The Millenium Trilogy by Stieg Larsson Book Review

Tracy and Natalie read 2009-2010

Book Cover of The Girl with the Dragon Tattoo Book Cover of The Girl who Played with Fire Book Cover of The Girl who Kicked the Hornets Nest

Where to begin with these books? Well for one thing, we both agreed that despite an overload of information and very descriptive sandwiches, they were fantastic, absorbing reading. It is a mystery, a thriller, a psychological investigation and a crime novel all wrapped up in one. It is the story of Mikael Blomkvist, an investigative journalist who believes in telling the truth, despite the cost and Lisbeth Salander, a computer hacker/potential psychopath with a very troubled past. These two would never have crossed paths, were it not for Henrik Vanger, a retired industrialist, who asks Mikael to investigate the possible murder of his grand daughter Harriet 20 years ago. Unbeknownst to Mikael, Salander has been secretly investigating him on behalf of Vanger. Eventually they work together and uncover a series of murders connected to the Vanger family and the whereabouts of Harriet. The story continues in the second and third books with Salander getting framed for the murder of a freelance journalist working for Mikael and the subsequent investigation and trial that sheds light on Salander's past and the reason she lives the way she does. The books are great reading, although laden with information that at times can be confusing. This may be a product of the translation from Swedish and does make all the similar looking names sometimes hard to follow. There is also an abundance of sandwich descriptions and IKEA furniture, but hey who doesn't want to indulge in a cheese and gherkin on rye whilst putting together a book case using nothing but an allen key!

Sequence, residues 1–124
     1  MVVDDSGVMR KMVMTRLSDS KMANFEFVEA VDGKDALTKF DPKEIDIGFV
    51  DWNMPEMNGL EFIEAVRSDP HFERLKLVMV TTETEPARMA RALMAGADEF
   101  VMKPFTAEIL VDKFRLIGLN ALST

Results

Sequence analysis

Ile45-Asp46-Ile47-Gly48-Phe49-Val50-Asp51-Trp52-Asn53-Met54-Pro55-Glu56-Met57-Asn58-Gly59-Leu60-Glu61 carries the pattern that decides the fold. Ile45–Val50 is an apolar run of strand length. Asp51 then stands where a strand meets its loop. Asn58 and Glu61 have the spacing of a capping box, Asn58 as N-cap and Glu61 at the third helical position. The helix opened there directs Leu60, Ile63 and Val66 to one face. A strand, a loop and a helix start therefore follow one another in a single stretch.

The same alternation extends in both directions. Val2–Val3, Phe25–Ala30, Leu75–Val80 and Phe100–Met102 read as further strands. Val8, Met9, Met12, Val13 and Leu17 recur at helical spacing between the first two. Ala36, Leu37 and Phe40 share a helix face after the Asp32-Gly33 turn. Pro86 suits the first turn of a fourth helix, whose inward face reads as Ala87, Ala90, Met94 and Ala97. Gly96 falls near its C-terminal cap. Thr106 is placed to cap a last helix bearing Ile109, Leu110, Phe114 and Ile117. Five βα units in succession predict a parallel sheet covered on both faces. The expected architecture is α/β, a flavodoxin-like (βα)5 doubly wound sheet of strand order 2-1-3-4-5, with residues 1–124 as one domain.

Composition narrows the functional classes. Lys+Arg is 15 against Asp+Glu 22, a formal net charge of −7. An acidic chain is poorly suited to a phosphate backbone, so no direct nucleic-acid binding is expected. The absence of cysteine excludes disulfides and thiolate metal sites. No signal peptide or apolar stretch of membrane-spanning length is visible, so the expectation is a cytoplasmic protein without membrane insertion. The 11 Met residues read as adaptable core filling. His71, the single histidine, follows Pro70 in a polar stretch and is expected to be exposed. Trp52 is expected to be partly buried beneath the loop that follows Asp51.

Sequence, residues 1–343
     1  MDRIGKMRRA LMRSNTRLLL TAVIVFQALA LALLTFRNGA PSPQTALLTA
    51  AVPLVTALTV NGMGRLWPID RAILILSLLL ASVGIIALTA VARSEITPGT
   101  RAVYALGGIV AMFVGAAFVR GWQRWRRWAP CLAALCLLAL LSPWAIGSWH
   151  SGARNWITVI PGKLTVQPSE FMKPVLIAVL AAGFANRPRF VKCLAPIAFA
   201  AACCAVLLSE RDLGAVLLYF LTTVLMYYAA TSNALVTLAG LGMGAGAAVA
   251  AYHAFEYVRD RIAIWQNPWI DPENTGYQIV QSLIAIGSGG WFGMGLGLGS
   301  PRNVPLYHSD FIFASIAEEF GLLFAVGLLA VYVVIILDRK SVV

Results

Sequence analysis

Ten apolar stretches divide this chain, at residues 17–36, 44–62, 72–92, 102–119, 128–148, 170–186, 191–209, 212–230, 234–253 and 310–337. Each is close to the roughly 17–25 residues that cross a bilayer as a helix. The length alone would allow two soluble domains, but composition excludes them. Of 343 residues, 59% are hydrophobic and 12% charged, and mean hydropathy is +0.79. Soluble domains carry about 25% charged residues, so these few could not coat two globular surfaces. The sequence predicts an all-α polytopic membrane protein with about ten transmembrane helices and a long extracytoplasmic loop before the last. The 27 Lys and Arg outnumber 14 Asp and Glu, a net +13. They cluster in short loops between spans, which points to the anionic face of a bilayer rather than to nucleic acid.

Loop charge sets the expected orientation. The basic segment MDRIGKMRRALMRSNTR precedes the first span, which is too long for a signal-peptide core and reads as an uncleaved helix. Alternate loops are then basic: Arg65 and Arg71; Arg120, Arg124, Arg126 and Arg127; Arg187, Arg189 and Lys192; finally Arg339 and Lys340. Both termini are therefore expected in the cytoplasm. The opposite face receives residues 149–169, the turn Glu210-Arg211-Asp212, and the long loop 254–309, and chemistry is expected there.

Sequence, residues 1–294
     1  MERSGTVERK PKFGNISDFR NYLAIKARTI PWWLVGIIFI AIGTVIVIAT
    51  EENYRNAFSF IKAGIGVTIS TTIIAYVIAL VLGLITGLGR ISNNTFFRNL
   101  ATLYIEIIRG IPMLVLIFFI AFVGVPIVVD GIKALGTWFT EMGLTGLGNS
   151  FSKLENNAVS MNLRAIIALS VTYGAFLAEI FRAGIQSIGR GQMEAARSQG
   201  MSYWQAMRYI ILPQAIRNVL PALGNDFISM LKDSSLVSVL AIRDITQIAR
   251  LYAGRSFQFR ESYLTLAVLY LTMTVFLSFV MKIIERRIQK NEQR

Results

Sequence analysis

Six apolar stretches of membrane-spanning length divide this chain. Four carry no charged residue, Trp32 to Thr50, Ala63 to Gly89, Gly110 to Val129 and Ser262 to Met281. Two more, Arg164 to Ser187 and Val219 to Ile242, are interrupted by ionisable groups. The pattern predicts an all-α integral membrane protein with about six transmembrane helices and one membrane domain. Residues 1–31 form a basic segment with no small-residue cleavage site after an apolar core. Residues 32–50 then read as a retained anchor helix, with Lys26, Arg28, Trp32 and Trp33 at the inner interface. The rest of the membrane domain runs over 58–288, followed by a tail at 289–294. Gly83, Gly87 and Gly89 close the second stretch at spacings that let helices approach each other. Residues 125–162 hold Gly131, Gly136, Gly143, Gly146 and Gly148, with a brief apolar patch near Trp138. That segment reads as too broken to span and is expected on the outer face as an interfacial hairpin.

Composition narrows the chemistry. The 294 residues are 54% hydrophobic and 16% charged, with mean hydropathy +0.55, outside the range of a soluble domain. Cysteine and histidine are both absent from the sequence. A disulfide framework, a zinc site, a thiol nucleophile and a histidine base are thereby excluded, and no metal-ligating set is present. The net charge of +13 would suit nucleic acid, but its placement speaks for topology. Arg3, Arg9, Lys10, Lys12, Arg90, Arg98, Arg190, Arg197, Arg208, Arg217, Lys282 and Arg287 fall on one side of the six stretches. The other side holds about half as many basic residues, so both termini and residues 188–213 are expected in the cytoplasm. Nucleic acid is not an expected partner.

The books are said to have been the first in a series of 10, but unfortunately Stieg died after dropping off the first 3 books to his publishers and never got to see the success they became. It is rumoured that the bulk of the 4th and the synopsis of the 5th and 6th novels are stored on his laptop, but due to complications and Swedish law we may never see these books in print. For more on this, check out the webpage of Stieg Larsson. There is also an ongoing legal battle between Eva Gabrielsson and Larsson family over his estate.

The Weekend Australian (July 10-12, 2010) have printed the last interview given by Larsson to Lasse Winkler. It is an interesting look into the now deceased Larsson and how the Millennium series was changing his life. On a positive note the first publishing house he sent the books too turned him down - bet they have realised their mistake now, especially as they have sold more than 27 million copies. Also an interesting note from Larsson is that he waited until he had finished all three books before having them published - based on the theory that the trilogy was just the beginning of the story. Larsson as quoted as saying "I can produce a hundred books in this series. That won't be a problem as long as someone wants to publish them and people want to read them". This interview confirmed the existence of a partially completed 4th book, but this has yet to be confirmed, possibly due to the legal battle that will ensue over this almost invaluable unpublished manuscript.

'The Girl Who Kicked the Hornets' Nest was also named Publisher Marketing Campaign of the Year 2010.

This is a fantastic choice for your book club. If you want some further information and book club discussion questions - check out the OurBookClub Book Club page.

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The Millenium Trilogy Movies

The Swedish film production company Yellow Bird has already made movie versions of all three books. The Girl With The Dragon Tattoo was released in Australia in March 2010 complete with some of the worst subtitles ever seen on film! While the movie itself remained fairly true to the book, the combination of white subtitles, with a predominately white background made it hard going. We thought the casting of all the main characters was very good, although there were some interesting omissions from the film which are kind of crucial for the future movies, so it will be interesting to see how that plays out. The Girl With The Dragon Tattoo has now been released on DVD and Blueray and we are happy to say the subtitle situation has been greatly improved!